I recently read Heather Carr’s Instagram post, as featured in The Bee, about her experience as the wife of an NFL player, Oakland Raiders’ quarterback Derek Carr. Her post did a great job of capturing the challenge of being married to someone who is on the road.
I’ve always respected Mrs. Carr and her husband for their faith and commitment to one another, and his humility and class as a professional athlete. I can appreciate the hardship of being gone and would like to offer a little different perspective. I am a military wife.
There is no doubt it’s difficult being away from your spouse. While my husband was serving active duty, I tried to not discredit other spouses whose significant others were gone for a week on a business trip. Every situation is relative. I get that.
At the same time, when our husbands or wives leave for their business trips or “work ups,” we know they are putting themselves at great risk. Just look at the helicopter crash that killed 16 service members last month. Or the helicopter that went down recently leaving three missing.
Here is my request for Mrs. Carr:
I ask that when she thinks about her husband being gone for a couple of months, staying in a safe hotel room, she remembers our service members who are standing post in the Middle East and other parts of the world, protecting our families’ freedoms for seven months and longer at a time. And consider the wives, mothers, girlfriends and sisters at home, but not sleeping out of anxiety, nervousness and worry.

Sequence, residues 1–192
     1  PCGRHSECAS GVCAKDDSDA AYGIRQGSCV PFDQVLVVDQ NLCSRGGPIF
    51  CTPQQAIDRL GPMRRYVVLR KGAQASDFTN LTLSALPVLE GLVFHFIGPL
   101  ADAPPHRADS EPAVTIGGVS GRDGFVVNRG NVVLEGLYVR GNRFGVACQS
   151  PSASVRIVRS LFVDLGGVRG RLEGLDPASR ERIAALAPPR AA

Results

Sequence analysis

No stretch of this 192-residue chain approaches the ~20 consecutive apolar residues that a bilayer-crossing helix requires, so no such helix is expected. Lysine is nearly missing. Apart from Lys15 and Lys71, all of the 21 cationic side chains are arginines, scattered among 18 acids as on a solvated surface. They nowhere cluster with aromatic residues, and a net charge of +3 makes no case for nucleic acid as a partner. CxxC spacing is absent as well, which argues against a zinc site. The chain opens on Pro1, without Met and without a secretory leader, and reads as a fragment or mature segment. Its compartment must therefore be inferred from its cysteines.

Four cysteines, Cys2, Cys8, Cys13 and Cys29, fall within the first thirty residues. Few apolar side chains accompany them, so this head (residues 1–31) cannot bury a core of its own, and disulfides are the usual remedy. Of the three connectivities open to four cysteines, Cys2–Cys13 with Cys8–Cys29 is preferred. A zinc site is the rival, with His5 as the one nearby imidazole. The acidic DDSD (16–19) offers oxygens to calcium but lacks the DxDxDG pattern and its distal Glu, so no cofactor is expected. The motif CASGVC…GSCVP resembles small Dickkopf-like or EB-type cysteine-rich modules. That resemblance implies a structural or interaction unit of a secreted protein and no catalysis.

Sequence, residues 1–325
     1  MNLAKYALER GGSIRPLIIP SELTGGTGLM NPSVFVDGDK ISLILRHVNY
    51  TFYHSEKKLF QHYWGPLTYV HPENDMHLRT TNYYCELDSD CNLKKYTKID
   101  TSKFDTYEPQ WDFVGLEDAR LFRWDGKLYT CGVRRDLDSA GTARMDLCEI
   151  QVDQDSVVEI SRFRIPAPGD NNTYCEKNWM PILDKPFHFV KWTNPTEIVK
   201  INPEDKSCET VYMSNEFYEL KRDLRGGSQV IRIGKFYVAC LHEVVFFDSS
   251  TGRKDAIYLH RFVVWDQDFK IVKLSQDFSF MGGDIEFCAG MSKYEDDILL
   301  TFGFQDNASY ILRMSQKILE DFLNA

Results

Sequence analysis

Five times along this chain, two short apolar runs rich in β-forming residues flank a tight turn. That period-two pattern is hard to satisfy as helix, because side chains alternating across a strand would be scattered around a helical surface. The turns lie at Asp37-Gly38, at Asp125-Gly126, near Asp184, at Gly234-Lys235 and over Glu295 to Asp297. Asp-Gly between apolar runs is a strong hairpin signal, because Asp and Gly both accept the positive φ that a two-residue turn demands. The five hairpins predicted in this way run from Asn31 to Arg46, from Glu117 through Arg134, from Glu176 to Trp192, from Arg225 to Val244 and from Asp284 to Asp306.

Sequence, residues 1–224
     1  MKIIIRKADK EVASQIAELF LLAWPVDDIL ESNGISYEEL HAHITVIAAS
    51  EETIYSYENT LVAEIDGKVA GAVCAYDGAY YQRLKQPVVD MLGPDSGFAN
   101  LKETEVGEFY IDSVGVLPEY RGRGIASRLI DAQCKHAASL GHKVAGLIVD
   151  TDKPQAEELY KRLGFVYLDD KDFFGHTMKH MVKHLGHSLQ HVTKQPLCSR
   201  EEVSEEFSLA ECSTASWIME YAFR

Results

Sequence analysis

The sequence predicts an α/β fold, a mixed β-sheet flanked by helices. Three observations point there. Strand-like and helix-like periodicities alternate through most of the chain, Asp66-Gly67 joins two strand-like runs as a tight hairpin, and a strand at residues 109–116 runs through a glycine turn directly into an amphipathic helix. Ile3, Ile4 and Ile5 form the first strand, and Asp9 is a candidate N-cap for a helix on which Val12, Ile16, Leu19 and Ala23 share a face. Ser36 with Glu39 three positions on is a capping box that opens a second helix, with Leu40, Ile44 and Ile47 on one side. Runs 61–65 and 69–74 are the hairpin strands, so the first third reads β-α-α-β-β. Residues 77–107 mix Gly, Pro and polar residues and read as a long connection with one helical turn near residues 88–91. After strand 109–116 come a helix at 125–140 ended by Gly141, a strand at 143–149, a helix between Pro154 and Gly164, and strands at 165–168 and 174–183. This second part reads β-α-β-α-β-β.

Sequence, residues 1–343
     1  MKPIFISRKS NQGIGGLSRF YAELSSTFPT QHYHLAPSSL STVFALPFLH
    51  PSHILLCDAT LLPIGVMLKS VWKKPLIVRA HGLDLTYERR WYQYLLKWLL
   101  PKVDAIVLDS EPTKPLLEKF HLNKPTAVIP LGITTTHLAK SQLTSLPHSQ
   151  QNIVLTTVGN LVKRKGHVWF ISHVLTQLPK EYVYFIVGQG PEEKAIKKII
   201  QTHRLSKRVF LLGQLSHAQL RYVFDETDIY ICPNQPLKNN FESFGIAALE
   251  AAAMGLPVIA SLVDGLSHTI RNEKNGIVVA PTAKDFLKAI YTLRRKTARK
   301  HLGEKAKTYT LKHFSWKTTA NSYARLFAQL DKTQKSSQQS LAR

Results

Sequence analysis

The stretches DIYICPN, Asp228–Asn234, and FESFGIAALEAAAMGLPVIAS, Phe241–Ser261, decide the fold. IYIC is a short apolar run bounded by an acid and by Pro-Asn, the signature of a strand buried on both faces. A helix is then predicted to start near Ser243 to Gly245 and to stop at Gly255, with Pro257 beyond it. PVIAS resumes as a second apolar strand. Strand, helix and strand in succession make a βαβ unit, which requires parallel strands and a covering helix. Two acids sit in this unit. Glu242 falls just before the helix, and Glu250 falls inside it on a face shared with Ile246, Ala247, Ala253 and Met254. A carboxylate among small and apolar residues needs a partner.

When her husband misses a family dinner, please remember some service members miss birthdays, anniversaries and in my family’s case – like many other service members – the birth of our first daughter, Lynley.
After the season is over and her husband goes back to regularly scheduled workouts, she should enjoy their time together. When military spouses come home from deployment, many bring the war home with them. My husband was diagnosed with post-traumatic stress disorder. It took over a year to diagnose and longer to get treatment.
Over 20 percent of veterans are diagnosed with PTSD, and that’s just those who have come forward. There is a stigma to PTSD, and many service members won’t get diagnosed at all. Every 65 minutes, a service member commits suicide.
I don’t mean to discredit the sacrifice players’ wives make for their husbands and families. And I am certainly not saying that wives shouldn’t miss their husbands. I hate being away from my husband, and I truly understand. This is a different perspective of what it’s like for military spouses whose husbands are at their “training camp” and on the road.
Our military members don’t fly first class. They don’t make seven-figure salaries. And yes, service is something they’ve chosen. But when people give a shout-out for the players’ wives, how about a little shout-out for those of our military, too?
God bless and Semper Fidelis.
Ashley Hayek grew up in Fresno and attended Clovis West High School. Her husband, Capt. Brian Hayek, has served in the Marine Corps 15 years – as a Marine on active duty, enlisted and officer, for 11 years and now as reservist for the past 4 years. They now live in the San Diego area.